Hypertension, also known as the “ Silent Killer” is one of the leading cause of cardiovascular death around the globe. According to the American Heart Association statistics, there are more than 100 million people in the United States now have Hypertension. This disease is also responsible for various other health risks such as heart attack, stroke, heart failure, kidney failure, and the loss of vision.
The leading causes of hypertension can be divided into two types, controllable and noncontrollable. Controllable factors mostly consist of unhealthy lifestyle choices such as smoking, an unhealthy diet, excessive alcohol intake, stress, obesity, and physical inactivity. Where the uncontrollable factors include ethnicity, gender, genetics, and age, etc. Hypertension can also result from a previously underlying medical condition.
But other than these known risk factors of hypertension, can there be more of them? New research led by scientists at Queen Mary University of London and Imperial College London tried to dig deeper into the human genetic architecture to find that answer. They have reviewed the genetic data of over 1 million people and found more than 500 new genetic regions that could be related to hypertension and stroke.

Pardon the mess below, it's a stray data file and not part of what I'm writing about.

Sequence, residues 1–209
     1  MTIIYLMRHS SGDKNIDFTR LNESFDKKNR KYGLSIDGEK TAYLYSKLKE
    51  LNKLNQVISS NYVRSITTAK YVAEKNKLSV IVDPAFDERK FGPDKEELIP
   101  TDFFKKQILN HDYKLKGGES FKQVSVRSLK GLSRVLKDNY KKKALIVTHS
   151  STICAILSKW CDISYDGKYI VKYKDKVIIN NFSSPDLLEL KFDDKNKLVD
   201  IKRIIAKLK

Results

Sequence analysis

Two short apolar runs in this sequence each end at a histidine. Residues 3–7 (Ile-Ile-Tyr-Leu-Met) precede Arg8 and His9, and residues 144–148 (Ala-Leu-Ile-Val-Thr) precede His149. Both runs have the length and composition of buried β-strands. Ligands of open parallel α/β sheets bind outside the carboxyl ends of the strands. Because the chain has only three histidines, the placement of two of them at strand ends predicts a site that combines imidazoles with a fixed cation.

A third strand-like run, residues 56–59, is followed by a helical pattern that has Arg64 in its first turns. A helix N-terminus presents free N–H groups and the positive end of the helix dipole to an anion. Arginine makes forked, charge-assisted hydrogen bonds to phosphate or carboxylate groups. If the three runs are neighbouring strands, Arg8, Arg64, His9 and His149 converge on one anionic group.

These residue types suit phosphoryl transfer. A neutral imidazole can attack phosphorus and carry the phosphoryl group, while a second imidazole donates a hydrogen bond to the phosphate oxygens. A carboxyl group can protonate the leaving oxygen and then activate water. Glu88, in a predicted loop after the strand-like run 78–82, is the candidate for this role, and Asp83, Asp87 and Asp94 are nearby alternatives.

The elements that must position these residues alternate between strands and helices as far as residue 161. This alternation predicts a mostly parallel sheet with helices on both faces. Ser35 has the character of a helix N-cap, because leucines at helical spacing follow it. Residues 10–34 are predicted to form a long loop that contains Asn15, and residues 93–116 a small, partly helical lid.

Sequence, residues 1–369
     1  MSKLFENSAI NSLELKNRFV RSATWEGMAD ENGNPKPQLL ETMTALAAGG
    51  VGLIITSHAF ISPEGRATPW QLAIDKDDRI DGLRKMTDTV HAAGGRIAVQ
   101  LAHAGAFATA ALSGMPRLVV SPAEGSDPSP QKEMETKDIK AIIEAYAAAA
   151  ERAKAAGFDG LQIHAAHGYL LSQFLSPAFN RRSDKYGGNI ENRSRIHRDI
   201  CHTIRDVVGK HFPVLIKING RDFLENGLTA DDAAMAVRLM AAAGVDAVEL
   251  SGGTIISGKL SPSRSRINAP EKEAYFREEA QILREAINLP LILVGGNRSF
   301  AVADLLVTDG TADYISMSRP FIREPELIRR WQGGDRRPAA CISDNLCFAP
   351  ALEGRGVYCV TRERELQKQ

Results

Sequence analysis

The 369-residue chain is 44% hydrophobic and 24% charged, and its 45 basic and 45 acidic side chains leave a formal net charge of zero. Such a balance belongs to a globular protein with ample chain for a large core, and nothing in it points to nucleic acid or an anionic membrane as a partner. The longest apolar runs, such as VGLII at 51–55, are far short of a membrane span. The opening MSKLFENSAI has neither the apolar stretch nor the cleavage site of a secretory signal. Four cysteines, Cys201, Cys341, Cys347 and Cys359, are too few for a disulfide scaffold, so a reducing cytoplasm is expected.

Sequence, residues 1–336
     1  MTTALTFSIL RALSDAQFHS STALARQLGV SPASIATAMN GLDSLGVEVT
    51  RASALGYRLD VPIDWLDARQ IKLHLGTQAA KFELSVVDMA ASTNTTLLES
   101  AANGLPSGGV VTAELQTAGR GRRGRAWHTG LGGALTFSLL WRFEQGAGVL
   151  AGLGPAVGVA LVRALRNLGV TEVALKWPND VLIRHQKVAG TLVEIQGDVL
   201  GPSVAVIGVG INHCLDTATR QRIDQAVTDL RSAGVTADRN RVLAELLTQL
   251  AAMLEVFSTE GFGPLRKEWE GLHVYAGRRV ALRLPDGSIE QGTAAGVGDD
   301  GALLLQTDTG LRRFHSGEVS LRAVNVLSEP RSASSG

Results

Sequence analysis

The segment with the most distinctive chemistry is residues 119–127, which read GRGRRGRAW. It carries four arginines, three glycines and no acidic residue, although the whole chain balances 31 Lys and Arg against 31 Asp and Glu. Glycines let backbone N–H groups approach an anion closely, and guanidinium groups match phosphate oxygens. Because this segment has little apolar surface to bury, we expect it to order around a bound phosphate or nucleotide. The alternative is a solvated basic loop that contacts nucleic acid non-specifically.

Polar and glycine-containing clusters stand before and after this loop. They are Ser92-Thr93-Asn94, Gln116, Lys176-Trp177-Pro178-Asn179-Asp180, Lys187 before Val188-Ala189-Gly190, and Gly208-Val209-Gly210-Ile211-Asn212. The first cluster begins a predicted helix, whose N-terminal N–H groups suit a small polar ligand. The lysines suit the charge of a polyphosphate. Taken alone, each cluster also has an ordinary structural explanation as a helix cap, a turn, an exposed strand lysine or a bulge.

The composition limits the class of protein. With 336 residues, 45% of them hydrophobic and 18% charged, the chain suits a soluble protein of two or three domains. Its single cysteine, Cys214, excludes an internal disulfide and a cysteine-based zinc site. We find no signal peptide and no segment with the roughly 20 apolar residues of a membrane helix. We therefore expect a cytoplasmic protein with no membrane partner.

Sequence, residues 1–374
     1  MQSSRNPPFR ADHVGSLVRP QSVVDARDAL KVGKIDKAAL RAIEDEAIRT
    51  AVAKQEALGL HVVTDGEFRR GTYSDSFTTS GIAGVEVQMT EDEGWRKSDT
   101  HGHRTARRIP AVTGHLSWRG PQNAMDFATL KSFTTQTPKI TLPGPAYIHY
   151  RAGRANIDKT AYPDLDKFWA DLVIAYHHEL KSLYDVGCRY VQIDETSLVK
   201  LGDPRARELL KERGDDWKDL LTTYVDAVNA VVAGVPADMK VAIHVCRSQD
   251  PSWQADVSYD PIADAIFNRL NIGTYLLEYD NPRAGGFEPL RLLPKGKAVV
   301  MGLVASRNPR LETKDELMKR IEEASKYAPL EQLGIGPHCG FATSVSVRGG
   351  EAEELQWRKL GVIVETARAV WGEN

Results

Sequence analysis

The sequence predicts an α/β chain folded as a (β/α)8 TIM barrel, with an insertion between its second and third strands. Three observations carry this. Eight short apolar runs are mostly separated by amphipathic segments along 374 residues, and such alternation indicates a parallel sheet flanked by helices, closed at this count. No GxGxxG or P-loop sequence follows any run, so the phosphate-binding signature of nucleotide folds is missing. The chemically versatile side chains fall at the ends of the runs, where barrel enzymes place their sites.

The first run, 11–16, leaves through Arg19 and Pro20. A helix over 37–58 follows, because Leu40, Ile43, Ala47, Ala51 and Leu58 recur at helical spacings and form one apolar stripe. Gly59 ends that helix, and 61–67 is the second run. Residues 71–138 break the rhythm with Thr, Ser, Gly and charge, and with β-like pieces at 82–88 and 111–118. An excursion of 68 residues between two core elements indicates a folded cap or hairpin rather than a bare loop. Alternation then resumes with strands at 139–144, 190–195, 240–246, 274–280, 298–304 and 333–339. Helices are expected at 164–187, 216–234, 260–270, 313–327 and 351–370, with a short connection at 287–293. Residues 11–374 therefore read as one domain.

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The research team examined genetic data of over 1 million participants from European region and blood pressure data from the UK Biobank database and the International Consortium of Blood Pressure Genome-Wide Association Studies. They have also cross-referenced it with data on their systolic, diastolic, and pulse blood pressure.
By the end of the study, the researchers discovered 535 new genes that are associated with high blood pressure. This discovery not only offers new biological insights into blood pressure regulation but also to highlight the shared genetic connection between blood pressure and lifestyle habits. This is one the most significant advancement regarding blood pressure genetic research and the finding might play a significant role in future prediction and management of hypertension.
The research paper “Genetic analysis of over 1 million people identifies 535 new loci associated with blood pressure traits” was published on September 17, 2018, in the journal of Nature Genetics.